Even if you routinely fly in designated mountainous areas such as the Rockies, you probably haven’t noticed that altimeter settings can vary quite a bit even when the general pressure gradient throughout the area is rather weak. On an early August day, there was an area of high pressure in west-central Colorado. All of the surface stations in this region were reporting sea level pressures ranging from 1023 to 1017 mb. Not a terribly large pressure gradient between stations. But the altimeter settings at these stations varied from 30.35 to 30.82.The altimeter setting at Eagle, Colo., (6539 feet) was
30.35. Less than 40 miles as the crow flies, Copper Mountain (12,073 feet) was reporting 30.82 inches of mercury. There will always be small-scale local variations in atmospheric pressure. However, if we add Kremmling, Aspen, Walden and Leadville, which are all nearby, along with their respective elevations, you’ll notice a distinct pattern: As the elevation increases, so does the altimeter setting.
METAR Site Elevation (feet) Altimeter (in. Hg)
Eagle (KEGE) 6547 30.35
Kremmling (K20V) 7411 30.47
Aspen (KASE) 7815 30.45
Walden (K33V) 8153 30.50
Leadville (KLXV) 9928 30.63
Copper Mountain (KCCU) 12,073 30.82
Below is a graphical depiction of the surface observations for the sites. If you are familiar with the topography, it’s hard to miss the obvious connection between station elevation and altimeter setting. Copper Mountain (KCCU) and Leadville (KLXV) located in the center of this image, are the highest elevation sites shown. Notice they also, they have the highest altimeter settings.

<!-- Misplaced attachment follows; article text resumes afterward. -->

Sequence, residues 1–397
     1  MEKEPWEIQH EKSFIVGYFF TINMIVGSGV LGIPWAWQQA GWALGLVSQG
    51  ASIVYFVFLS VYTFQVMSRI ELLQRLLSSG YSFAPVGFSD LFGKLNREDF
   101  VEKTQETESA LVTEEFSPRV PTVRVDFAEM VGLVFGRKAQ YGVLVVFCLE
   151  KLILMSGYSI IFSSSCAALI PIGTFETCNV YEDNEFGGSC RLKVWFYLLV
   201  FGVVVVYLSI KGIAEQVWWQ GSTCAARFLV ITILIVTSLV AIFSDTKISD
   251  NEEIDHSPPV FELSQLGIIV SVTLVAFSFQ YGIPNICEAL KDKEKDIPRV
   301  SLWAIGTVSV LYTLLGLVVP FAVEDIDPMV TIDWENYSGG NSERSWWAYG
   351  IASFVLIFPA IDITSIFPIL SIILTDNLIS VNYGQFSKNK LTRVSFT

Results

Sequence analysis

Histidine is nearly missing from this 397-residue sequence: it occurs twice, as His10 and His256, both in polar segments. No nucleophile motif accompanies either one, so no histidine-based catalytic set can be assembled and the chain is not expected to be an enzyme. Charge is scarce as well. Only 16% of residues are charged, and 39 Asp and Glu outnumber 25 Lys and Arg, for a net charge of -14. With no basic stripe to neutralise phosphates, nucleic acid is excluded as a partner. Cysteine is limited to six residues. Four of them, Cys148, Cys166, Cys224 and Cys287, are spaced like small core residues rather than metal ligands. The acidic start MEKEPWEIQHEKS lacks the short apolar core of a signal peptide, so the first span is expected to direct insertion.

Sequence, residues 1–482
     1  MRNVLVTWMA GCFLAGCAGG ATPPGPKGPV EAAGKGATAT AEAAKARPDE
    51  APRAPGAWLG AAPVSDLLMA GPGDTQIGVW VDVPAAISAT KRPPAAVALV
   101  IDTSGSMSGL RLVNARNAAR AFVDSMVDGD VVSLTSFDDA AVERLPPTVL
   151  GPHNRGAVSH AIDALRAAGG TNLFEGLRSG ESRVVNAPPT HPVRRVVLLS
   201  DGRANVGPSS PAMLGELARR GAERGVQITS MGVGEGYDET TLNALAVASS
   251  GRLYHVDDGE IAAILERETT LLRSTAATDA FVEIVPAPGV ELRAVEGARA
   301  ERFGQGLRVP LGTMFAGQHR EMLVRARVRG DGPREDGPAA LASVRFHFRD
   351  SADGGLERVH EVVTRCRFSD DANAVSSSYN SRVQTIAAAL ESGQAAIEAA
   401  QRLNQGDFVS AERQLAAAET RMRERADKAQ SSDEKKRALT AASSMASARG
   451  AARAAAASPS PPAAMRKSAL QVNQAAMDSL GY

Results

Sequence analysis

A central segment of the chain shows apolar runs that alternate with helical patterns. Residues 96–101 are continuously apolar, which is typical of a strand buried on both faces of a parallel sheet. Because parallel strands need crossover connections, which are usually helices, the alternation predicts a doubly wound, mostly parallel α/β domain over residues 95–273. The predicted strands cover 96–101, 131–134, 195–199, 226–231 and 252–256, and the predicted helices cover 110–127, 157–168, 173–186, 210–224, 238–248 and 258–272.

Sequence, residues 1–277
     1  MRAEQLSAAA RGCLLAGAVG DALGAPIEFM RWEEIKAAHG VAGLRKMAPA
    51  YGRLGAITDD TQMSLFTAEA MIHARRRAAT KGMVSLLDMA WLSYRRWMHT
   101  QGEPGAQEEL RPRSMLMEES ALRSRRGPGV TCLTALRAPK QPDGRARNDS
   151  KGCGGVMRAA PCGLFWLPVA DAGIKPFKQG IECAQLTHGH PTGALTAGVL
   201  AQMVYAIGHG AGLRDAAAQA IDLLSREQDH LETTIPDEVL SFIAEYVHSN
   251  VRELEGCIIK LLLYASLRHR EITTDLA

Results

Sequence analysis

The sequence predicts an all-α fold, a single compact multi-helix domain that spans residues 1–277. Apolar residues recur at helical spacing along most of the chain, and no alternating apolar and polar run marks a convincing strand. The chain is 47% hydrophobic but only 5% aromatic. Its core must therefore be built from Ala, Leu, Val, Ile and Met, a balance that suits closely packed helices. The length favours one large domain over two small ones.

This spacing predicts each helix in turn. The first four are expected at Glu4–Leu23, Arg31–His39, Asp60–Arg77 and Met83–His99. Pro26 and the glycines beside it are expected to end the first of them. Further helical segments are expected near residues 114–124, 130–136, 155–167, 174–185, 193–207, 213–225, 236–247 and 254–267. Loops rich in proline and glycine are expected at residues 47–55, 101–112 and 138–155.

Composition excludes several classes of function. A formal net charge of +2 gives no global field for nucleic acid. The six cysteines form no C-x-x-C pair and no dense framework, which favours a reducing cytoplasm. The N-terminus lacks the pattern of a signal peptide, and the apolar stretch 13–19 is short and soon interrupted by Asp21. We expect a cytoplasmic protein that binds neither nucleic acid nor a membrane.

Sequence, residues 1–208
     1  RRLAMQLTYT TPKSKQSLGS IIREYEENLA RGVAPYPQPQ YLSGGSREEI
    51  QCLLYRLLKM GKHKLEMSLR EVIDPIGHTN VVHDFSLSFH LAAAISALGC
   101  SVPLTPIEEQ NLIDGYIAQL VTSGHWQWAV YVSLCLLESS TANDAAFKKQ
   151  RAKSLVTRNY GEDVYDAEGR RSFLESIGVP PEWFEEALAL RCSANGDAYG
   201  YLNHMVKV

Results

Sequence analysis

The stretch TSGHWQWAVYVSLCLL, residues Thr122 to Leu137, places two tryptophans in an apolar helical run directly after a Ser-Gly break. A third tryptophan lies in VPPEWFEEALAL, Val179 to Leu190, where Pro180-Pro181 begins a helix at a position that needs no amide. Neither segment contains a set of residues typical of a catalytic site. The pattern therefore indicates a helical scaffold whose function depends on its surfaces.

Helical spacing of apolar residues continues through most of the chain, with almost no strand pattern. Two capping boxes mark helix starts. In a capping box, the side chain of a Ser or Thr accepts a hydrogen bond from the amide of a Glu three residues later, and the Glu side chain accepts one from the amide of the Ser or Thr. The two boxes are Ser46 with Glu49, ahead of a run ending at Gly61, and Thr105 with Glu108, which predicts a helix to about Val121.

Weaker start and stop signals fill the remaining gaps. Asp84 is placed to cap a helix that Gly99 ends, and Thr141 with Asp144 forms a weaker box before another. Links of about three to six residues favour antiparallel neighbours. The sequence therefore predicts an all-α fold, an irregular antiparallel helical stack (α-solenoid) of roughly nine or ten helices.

Given that there are multiple pressure sensors that must agree at each station and that these sensors are calibrated several times each year, what you’re seeing is an artifact of the reduction-to-sea-level method used to compute the altimeter setting. —S.D.
Altimeter setting reflex: Beneficial if not Blind
When ATC says, “Altimeter 29.96,” your hand immediately leaps toward the knob, despite what other important tasks you may be performing at the time. It’s not really a bad habit given that the altimeter setting is one of the most important single pieces of data you’ll need on every flight.